Crude oil prices have retreated US$50-53 per barrel or US$360-390 a ton since its peak of June 2014. More than that, the first two weeks of December has already seen them falling more than US$11 a barrel, the fastest drop in a shortest period not heard in recent years. International benchmarks have touched new five-year lows on 12 December after the world's energy watchdog forecast even lower prices on weaker demand and larger supplies next year.
International Energy Agency, the Paris-based agency which coordinates the energy policies of industrialised countries, cut its outlook for demand growth in 2015, triggering another collapse. It slashed its demand growth for 2015 by 230,000 barrels per day to 900,000 bpd on expectations of lower fuel consumption in Russia and other oil-exporting countries.
Brent crude oil settled at below US$62 a barrel while US crude oil future slumped to below US$58 extending previous landmark falling below $60. The other factors which have been pulling down price are surging inventories in the US and top oil exporter Saudi Arabia's reiteration that it will not cut production. Further, oil-producing economies outside the OPEC will add to global supplies.
At the close of week ending 12 December, Brent had settled at US$61.85 per barrel, the lowest since July 2009 and US crude finished at US$57.81, its lowest since May 2009. Both markets have lost about 46 per cent of their value since their June highs, when Brent stood at above US$115 and US crude at around US$107.
According to YnFx, oil prices are predicted to recover mildly from February 2015 and pick-up momentum in April. The reversal will stem from prospect of economic revival in the US and Europe from second quarter of 2015 onwards, refreshing demand for petroleum products. Also tapering incremental inventories in the US will be a major supporting factor.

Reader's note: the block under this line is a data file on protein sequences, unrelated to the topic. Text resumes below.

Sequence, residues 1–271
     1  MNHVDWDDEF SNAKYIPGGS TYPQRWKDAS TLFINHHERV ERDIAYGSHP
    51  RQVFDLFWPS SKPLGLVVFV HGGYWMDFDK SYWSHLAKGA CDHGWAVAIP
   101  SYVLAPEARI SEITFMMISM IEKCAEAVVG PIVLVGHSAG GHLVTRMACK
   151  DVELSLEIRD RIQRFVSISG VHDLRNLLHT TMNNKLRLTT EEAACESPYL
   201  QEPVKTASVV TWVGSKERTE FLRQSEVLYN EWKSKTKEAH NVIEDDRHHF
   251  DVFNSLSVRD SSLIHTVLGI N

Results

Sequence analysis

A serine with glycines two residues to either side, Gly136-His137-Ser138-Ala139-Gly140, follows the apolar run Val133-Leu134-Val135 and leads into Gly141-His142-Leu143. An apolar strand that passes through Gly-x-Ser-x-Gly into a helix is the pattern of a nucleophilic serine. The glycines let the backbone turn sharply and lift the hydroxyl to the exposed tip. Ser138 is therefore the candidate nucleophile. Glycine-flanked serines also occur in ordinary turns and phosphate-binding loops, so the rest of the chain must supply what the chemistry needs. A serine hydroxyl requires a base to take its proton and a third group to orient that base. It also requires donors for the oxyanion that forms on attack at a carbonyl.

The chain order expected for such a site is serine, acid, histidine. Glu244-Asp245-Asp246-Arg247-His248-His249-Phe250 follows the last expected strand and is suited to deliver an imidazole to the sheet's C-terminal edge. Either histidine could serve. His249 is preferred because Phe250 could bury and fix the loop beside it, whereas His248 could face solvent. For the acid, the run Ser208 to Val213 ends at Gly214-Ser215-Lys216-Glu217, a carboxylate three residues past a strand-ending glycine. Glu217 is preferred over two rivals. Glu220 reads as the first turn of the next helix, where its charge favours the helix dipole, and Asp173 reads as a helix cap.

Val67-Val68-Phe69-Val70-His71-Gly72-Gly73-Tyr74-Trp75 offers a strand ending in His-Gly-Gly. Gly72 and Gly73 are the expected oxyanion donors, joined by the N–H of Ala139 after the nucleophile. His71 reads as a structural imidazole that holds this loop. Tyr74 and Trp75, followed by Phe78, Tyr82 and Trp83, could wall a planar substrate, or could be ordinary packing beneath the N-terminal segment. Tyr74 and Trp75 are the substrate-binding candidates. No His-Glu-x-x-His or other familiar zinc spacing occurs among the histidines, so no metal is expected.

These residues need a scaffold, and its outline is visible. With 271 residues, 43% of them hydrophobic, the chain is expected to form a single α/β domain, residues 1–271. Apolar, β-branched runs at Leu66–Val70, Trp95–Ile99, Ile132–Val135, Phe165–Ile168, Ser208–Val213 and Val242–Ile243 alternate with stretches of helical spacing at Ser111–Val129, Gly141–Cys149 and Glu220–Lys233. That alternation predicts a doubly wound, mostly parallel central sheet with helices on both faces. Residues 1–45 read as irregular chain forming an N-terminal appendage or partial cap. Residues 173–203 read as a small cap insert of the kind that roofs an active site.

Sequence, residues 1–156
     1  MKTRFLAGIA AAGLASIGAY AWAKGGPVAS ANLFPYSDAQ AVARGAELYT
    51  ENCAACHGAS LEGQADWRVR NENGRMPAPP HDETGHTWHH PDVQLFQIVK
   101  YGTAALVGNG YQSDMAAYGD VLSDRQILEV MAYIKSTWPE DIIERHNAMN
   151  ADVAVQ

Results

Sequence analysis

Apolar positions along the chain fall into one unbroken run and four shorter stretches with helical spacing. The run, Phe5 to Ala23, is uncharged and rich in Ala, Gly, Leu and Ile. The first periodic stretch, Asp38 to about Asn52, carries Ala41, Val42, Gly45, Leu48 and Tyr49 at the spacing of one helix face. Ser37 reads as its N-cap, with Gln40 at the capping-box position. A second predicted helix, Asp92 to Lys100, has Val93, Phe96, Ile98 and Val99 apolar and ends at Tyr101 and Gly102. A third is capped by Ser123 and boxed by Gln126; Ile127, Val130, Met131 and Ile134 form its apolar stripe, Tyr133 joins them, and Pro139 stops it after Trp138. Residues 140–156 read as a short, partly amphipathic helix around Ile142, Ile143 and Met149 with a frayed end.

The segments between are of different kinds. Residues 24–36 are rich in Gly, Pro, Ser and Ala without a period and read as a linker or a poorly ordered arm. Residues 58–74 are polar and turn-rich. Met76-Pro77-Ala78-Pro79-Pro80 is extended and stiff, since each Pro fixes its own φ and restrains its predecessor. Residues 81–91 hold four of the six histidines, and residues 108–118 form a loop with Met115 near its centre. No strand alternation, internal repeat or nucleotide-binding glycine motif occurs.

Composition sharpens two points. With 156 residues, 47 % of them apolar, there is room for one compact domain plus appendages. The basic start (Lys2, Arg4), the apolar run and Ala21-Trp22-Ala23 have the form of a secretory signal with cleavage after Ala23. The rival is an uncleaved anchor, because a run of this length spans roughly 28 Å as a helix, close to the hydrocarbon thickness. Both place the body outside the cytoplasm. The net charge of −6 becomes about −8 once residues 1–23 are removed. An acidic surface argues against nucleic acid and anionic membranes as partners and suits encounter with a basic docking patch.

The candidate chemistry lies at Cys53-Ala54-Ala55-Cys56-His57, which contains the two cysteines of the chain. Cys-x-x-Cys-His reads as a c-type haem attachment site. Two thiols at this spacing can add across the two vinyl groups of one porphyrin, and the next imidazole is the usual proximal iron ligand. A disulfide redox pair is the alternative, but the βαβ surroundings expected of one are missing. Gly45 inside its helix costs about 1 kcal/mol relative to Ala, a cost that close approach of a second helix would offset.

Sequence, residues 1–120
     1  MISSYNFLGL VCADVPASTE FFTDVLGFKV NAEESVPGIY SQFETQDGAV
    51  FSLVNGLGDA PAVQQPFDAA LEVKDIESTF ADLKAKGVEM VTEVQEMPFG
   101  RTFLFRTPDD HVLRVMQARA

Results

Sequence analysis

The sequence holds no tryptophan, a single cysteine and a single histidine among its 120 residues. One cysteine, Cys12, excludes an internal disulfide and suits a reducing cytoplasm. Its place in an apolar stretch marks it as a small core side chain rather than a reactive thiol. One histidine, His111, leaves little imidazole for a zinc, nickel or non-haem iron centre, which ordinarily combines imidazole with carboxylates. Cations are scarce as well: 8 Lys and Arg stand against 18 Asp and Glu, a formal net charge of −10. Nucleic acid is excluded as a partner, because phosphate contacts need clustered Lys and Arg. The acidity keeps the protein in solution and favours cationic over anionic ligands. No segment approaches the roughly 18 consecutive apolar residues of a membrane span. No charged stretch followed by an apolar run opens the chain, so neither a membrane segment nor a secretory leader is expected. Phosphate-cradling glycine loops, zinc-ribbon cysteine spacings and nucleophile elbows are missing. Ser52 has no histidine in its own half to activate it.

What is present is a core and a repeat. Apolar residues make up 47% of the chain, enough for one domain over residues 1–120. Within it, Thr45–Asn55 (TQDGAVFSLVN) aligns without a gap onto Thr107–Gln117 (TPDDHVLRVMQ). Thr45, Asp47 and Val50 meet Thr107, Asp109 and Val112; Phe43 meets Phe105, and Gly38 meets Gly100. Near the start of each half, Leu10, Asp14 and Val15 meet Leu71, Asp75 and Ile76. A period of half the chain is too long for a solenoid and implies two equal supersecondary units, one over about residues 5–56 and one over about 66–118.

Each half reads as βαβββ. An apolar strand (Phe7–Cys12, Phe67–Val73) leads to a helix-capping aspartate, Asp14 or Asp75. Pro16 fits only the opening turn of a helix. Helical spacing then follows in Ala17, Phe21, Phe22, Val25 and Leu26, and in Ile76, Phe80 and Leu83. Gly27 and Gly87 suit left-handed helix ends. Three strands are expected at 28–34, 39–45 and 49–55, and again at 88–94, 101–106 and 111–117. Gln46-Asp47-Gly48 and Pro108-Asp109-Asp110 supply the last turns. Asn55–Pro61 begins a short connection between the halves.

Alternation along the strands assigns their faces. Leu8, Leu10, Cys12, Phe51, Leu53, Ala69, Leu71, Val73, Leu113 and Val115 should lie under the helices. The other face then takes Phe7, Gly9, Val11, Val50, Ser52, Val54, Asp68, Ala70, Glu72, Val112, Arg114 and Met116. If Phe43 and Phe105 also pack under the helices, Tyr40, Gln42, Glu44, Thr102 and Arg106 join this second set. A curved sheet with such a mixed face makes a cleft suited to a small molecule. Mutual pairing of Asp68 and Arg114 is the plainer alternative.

Impact on downstream
The impact of falling energy complex is discernable across chemical fibre chains including polyester, nylon and acrylic in Asia, Europe and the US. However, each layer in the value chain will have a lag to absorb the cost reduction since their current raw material inventory was built at higher prices. The percolation which is at a lag, begins quickly in the immediate downstream segment and slowly at the end of the value chain, ceteris paribus. For example, crude oil prices fell 43% between the peak of June 2014 and mid-December, naphtha followed suite falling in same intensity.
The last leg in the polyester chain, polyester staple and filament saw price fall 20% and 10% respectively in Asian markets while the same in Europe and US were yet to react.
Similarly, in the nylon chain benzene market was the immediate casualty, where prices declined more than 50% during the period under review. Filament yarns were least affected. Acrylic chain portrayed similar trends, excepting intermediates, caprolactum and acrylonitrile. Following exhibit will prove the case.
Courtesy: YnFx Weekly Price Watch Report
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